So, now, you can enter the URL of anything that either is a feed (RSS or Atom), or has a feed, and Wordle will fetch all of the text it can get right there in your browser, and fire up a Wordle.

Thank you, the Google.

Friday, June 27, 2008

I wish I could remove stars from certain feature requests.

The top four feature requests in Google App Engine’s issue tracker:

  1. please add java or groovy support
  2. PHP support is a must
  3. Please add ruby support
  4. Add Perl support

While it’s a matter of taste to prefer one language over another, these are real head-scratchers for me. I can’t understand why the folks who have starred these issues don’t simply learn Python and start creating internet-scale apps. What are they waiting for? What are they afraid of?

The problem with those feature requests is that to implement them would take development, documentation, and QA time away from improving the existing stuff.

I know that the GAE developers pay attention to “star power” in their issue tracker, but I hope that this class of requests will be dismissed with prejudice.

New layout options

The “Layout” menu now lets you choose the overall shape of the Wordle cloud: straight(er) or round(er) edges. These shapes become especially apparent in Wordles with many words, more than a couple hundred. Play with the new settings, and see what you like.

One good strategy is to wail on the new “Randomize” button, which will automaticaly apply new color, font, and layout settings.

Remember that you can undo everything you do. It’s safe to try things, even if you have a layout you like.

Other settings you may have missed: maximum words, prefer alphabetical order. These have a profound impact on the result.

Thursday, June 26, 2008

Now with less cholesterol

I’ve spent a couple of hours in the kind of numerical tweaking that visualization programmers do a lot of. You wind up with many mysterious double-precision constants floating around your core layout routines, and you might not remember how you came to them, or why they’re there. If you’re a “software engineer”, like me, you’ll remember that it’s bad to have random numeric constants in your code, so you’ll replace them with named constants. On the other hand, the constants wind up with names like “SMUDGE_FACTOR”, “TWEAKISHNESS”, and “RHO”.

But anyway, my aim was to make Wordles a little less egg-shaped, especially high-density ones, with many words. It was hard to balance that desire with the requirement to keep the words fairly tightly packed, and I’m not sure I’m quite there yet. Now some of the Wordles take on rather a kidney shape, which is certainly no better. I’m working on it.

Wednesday, June 25, 2008

Things to come

For the curious, here are the improvements I’m most likely to make in the coming weeks.

  • Completely rewrite Wordle’s handling of “stop words”, common words that, for most uses, should not appear in the visualization. Currently, there one huge list. There needs to be a separate list for each language (easy) and Wordle needs to make a heuristic guess as to which language is in use (harder).
  • Custom palettes.
  • “Next”, “Previous”, and “Random” buttons on the wordle-viewing page.

There are other design problems I’m aware of—no search!? no [insert your favorite language here]!?—and I’ll get to them as soon as I’m able.

Please keep your emails coming. They’ve been critical in showing me where the flaws lie.

Monday, June 23, 2008

Keep Words Together with Tilde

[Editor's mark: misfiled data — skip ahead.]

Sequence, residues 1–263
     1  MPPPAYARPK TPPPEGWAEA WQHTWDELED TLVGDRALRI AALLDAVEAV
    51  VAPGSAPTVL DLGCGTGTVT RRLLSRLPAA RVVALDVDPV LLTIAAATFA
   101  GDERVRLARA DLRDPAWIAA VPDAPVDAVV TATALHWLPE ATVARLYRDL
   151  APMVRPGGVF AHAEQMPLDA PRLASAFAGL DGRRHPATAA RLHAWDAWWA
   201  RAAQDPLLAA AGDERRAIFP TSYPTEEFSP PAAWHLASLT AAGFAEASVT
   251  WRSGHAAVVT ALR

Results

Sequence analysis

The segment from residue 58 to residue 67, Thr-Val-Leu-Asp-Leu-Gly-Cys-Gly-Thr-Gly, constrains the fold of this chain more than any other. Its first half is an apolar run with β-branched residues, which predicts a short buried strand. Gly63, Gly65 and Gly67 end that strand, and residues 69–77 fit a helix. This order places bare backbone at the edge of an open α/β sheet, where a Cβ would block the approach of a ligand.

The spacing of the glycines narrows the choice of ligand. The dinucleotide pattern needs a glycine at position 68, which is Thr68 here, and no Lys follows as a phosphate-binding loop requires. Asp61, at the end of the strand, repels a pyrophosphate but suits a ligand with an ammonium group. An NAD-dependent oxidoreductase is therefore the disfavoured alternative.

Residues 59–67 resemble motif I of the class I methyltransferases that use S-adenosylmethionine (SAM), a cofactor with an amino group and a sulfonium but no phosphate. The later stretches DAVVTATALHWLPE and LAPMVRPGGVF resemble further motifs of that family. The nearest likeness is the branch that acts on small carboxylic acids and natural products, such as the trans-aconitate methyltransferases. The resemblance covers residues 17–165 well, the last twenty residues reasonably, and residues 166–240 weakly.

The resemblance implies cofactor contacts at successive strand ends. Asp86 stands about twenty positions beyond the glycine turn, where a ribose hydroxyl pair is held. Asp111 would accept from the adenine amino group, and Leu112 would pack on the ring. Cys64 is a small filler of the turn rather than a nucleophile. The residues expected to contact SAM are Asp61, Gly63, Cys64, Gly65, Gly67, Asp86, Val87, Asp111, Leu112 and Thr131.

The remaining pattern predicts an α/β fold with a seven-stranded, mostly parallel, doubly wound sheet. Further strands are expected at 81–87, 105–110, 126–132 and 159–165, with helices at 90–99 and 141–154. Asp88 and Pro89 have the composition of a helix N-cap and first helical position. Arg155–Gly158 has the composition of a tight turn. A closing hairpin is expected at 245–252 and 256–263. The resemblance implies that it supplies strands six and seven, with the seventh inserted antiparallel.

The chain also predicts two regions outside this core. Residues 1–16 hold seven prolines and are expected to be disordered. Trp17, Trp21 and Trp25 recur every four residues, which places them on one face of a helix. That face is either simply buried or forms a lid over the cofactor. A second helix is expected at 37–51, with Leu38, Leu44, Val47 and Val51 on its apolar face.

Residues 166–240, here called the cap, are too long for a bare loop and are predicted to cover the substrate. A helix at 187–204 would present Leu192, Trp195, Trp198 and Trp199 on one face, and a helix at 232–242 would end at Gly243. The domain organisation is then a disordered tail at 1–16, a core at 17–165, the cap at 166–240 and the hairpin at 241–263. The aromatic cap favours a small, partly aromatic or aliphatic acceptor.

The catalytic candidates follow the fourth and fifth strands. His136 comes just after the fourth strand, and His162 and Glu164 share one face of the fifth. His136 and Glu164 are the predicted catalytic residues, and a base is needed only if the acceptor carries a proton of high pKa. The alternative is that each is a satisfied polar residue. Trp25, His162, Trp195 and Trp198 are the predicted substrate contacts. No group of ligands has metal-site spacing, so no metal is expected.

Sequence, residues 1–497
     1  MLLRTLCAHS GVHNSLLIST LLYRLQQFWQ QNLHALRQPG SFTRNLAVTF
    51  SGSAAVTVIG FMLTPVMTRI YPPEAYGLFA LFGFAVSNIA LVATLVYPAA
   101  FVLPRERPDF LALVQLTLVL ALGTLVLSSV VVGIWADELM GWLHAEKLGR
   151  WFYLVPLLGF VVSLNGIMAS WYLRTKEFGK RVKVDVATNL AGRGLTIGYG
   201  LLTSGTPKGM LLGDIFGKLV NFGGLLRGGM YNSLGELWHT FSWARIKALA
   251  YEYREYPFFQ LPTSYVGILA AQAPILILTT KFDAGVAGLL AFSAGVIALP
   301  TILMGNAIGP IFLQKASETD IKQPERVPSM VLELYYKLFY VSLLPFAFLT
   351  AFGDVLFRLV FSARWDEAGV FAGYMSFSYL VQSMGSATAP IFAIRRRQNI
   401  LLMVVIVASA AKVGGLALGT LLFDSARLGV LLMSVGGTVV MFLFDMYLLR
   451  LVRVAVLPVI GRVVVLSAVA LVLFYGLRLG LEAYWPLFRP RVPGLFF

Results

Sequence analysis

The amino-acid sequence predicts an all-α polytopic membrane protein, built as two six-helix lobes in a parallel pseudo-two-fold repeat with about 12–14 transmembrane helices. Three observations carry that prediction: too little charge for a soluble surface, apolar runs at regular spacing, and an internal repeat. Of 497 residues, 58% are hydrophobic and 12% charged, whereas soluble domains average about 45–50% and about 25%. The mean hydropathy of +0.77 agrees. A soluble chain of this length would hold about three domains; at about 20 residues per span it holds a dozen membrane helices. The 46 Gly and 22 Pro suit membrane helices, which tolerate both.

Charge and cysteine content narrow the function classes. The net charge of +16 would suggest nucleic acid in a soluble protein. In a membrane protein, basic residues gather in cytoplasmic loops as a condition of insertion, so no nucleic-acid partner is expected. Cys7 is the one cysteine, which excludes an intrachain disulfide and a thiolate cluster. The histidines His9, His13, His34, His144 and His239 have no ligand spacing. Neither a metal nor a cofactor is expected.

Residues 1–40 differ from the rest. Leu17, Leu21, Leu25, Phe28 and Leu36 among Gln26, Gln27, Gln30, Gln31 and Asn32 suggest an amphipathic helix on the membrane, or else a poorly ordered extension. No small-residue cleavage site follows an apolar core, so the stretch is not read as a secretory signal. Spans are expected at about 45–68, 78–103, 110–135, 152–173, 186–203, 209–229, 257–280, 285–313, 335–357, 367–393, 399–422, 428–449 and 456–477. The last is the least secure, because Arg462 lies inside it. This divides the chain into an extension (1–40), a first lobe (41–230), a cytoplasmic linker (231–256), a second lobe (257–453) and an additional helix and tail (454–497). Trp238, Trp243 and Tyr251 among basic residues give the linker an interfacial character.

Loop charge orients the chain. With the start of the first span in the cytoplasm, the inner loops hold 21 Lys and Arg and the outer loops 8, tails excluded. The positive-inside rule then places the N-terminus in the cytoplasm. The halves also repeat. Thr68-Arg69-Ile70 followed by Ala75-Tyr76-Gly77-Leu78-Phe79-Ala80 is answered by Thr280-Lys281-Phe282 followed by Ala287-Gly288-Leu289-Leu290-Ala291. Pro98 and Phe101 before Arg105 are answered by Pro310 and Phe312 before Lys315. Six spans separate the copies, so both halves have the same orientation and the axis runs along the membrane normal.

Wordle now displays a “build number” in the lower right-hand corner of the page, which means that I can now say...

As of build 506, you may now join words together with the tilde character


So, for example, the text “The~Who played Leeds with Mott~the~Hoople and Bruce~Springsteen” might be rendered as

This ought to ease the pain folks have experienced in trying to emit a unicode non-breaking space.

Saturday, June 21, 2008

I Think I Understand

Wordle now guesses which Unicode block your text mostly inhabits, chooses an appropriate font to start with, and emphasizes suitable fonts in the font menu. Detected blocks include Arabic, Cyrillic, Greek and Coptic, Hebrew, Basic Latin, and the various Latin Supplements and Extensions. The Arabic block includes the whole Farsi (Persian) alphabet.

More and better Farsi fonts are coming soon, thanks to my frequent correspondent and personal authority on Farsi orthography, Alireza Farrokhi.

I am *almost* clever enough.

When I added non-breaking spaces, I warned that they render as "unknown character" boxes in most of the fonts. Blogger/hacker Ned Batchelder wrote to me and said, "Why don't you just replace the non-breaking spaces with regular spaces when rendering?"

I was like, "duhhhhhhhh."

Thank you.

Friday, June 20, 2008

Feeds for People

In designing Wordle, I felt it was important to put up as few barriers as possible in front of the act of saving one's work. Hence: no logins! On the other hand, that means that it's the wild wild West out there for user names. On the other other hand, you may want to say to someone, "Here's my work."

So, you may now click on user names in the gallery, and that will show you wordles created with that user name. The form of the URL is


and the associated Atom feed is


Because anyone can adopt any user name when saving, remember to be cautious when representing the URL with your special user name as "My Wordles".

I wonder if I should create logins with official user names. Opinions?

Keeping words together

Several people have written to me to ask whether they could keep certain words together, as in "The Who", or "Chevy Chase". I was about to compose a FAQ entry saying, "Sorry, no," when I decided instead to at least make it possible.

You'll need to generate the Unicode "non-breaking space" character, \u00A0, and place it between words you wish to keep joined. How you generate that character is operating system-specific. perhaps users can leave tips for each other here.